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Publication - Advice and guidance

Planning Circular 2/1999: Town and Country Planning (Scotland) (Minerals) 1998

Planning Circular 2/1999: Town and Country Planning (Scotland) (minerals) regulations 1998.

Published:
5 Jan 1999
Planning Circular 2/1999: Town and Country Planning (Scotland) (Minerals) 1998

This Circular supersedes SDD Circular 65/1971.

The Chief Executive, Local Authorities

Copy to: The Director of Planning

Our ref: PGJ/5/3 5 January 1999

Planning Series:

National Planning Policy Guidelines (NPPGs) provide statements of Government policy on nationally important land use and other planning matters, supported where appropriate by a locational framework. Circulars, which also provide statements of Government policy, contain guidance on policy implementation through legislative or procedural change.

Planning Advice Notes (PANs) provide advice on good practice and other relevant information.

Statements of Government policy contained in NPPGs and Circulars may, so far as relevant, be material considerations to be taken into account in development plan preparation and development control

Introduction

1. This Circular explains the provisions of the Town and Country Planning (Minerals) (Scotland) Regulations 1998 (SI 1998 No.2913 (s.169)) which come into force on 25 January 1999. These Regulations replace the Town and Country Planning (Minerals) Regulations 1971 as amended by the Town and Country Planning (Minerals) Regulations 1982. The new Regulations modify certain provisions of the Town and Country Planning (Scotland) Act 1997 (the "1997 Act") as they apply to development consisting of the winning and working of minerals or involving the depositing of mineral waste.

Summary of changes

2. The Regulations update the statutory references in the 1971 Regulations and repeal, by omission, those which are now redundant. The Regulations do not, with one exception, contain any substantive change in policy or effect. The exception is the repeal of Regulation 5 of the 1971 Regulations. This provides that, in relation to mining operations, an enforcement notice for breach of planning conditions or limitations may be served within 4 years of non-compliance coming to the notice of the planning authority. This means that the time limits for enforcement action in respect of a breach of planning control set out in Section 124 of the 1997 Act will now apply unmodified to minerals development. This is consistent with the provisions of Section 74 of the Town and Country Planning (Scotland) Act 1997, whereby conditions are now subject to periodic review thus removing the effect of any time limitation in relation to such conditions.

Development consisting of the winning and working of minerals

3. Regulation 1 provides that for the purpose of the Regulations "development consisting of the winning and working of minerals" does not include the winning and working of minerals on agricultural land for the purposes of agricultural use in connection with that land, or the winning and working of peat for domestic use. Section 262(3) of the 1997 Act specifically precludes regulations made under Section 262(1) from applying to such development.

Modification of the meaning of 'use'

4. Regulation 2 modifies he meaning of "use". Section 277(1) of the 1997 Act provides the general position that "use", in relation to land, does not include the use of land for the carrying out of any building or other operations on it. Regulation 2(1) modifies the general rule so that development consisting of the winning and working of minerals is a "use" in relation to the discontinuance of a use of land for the purposes of the provisions specified in Parts I and II of Schedule 18 to the 1997 Act. This is necessary to ensure consistency with the power to make orders requiring the discontinuance of mineral working in paragraph 1 of Schedule 8 to the 1997 Act. Regulation 2(2) provides that for all other purposes of those provisions "use" does not include the use of land for development consisting of the winning and working of minerals. This is necessary to ensure that mineral development being carried out without the benefit of planning permission cannot obtain established use rights.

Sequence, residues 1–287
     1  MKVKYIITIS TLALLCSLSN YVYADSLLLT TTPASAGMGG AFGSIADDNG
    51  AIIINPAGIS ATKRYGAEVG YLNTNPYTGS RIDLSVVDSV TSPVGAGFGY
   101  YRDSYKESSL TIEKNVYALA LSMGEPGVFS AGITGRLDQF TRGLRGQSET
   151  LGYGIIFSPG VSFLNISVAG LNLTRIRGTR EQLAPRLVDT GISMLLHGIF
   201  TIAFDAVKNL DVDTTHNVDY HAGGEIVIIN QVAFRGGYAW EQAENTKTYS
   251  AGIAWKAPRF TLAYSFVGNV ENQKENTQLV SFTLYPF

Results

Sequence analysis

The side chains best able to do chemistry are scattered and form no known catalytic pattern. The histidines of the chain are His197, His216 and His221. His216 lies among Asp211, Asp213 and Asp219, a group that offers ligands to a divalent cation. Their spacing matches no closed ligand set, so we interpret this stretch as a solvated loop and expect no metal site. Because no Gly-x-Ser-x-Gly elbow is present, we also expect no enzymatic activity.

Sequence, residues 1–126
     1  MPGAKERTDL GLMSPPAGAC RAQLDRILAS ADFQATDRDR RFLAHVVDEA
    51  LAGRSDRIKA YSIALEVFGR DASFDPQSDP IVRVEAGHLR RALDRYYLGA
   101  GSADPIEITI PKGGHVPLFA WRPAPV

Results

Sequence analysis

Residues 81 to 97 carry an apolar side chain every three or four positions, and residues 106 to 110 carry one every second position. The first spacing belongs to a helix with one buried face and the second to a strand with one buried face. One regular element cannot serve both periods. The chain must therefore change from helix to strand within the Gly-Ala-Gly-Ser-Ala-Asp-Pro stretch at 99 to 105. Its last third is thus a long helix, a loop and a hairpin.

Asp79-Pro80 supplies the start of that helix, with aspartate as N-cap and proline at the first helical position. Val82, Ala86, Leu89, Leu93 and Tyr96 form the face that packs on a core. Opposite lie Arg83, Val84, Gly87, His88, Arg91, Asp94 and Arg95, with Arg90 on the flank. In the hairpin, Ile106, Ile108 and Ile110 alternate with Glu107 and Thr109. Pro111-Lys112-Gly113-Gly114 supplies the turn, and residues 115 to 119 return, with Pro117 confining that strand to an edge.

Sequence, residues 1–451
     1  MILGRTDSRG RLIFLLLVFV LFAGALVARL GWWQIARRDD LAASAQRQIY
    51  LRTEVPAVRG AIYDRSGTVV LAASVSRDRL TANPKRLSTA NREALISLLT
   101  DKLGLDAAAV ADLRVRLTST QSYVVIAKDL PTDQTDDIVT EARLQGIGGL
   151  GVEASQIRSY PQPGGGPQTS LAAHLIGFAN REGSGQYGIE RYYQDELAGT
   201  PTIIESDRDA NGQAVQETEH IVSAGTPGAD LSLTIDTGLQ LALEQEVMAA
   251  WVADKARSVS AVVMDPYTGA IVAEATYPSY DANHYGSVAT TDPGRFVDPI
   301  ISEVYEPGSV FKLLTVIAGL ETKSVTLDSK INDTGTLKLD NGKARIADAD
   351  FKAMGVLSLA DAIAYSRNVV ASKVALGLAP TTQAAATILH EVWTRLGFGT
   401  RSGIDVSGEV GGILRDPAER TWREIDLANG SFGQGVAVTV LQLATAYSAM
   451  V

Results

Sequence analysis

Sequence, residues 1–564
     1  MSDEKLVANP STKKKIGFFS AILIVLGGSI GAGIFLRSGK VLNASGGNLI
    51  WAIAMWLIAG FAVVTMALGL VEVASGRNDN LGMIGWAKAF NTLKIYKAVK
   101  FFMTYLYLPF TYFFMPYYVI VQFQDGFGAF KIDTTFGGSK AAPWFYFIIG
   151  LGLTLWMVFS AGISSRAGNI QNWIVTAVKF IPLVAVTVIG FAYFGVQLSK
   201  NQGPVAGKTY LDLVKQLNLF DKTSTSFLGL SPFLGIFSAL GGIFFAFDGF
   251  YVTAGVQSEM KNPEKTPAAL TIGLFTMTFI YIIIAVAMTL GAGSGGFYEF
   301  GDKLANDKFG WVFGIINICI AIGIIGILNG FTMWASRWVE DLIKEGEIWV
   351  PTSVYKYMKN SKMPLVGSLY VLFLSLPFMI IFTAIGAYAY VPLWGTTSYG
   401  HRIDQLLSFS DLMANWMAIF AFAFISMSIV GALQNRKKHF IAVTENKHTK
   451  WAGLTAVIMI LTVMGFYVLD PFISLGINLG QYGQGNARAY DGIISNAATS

Time when development begun

5. Regulation 3 and the Schedule to the Regulations modify specific provisions of the 1997 Act. Paragraph 1 of the Schedule modifies Section 27 (time when development begun) of the 1997 Act. The effect of the modification is that for the purposes of Sections 58, 59 and 61 of the 1997 Act development consisting of the winning and working of minerals is taken to be begun on the earliest date on which the winning and working of minerals to which the relevant grant of planning permission relates begins. Section 58 of the 1997 Act provides that every planning permission granted or deemed to be granted shall be granted subject to the condition that the development to which it relates must be begun not later than 5 years from the date of grant of the planning permission or such longer or shorter period as the planning authority may in a particular case direct. If development has not begun within the specified period the planning permission lapses. Section 59 makes similar provision with respect to outline planning permissions. Section 61 enables a planning authority to serve "a completion notice" where development has begun within the period specified under Sections 58 or 59 but has not been completed.

6. This modification was originally introduced in the 1971 Regulations for 2 reasons. First, Section 66(1) of the Town and Country Planning (Scotland) Act 1969 (the "1969 Act") introduced a provision under which planning permissions granted before 8 December 1969 would lapse on 9 December 1974 if the development had not begun by that date. Regulation 7 of the 1971 Regulations extended that time limit from 5 to 10 years. Secondly, Section 38(2) of the 1972 Act provided that where planning permission does not include a specified time limit for the beginning of development, the period deemed to be specified would be 5 years, beginning with the date of grant. For both these purposes, Regulation 7 of the 1971 Regulations defines the beginning of development for minerals permissions as the time when the winning and working of minerals was begun.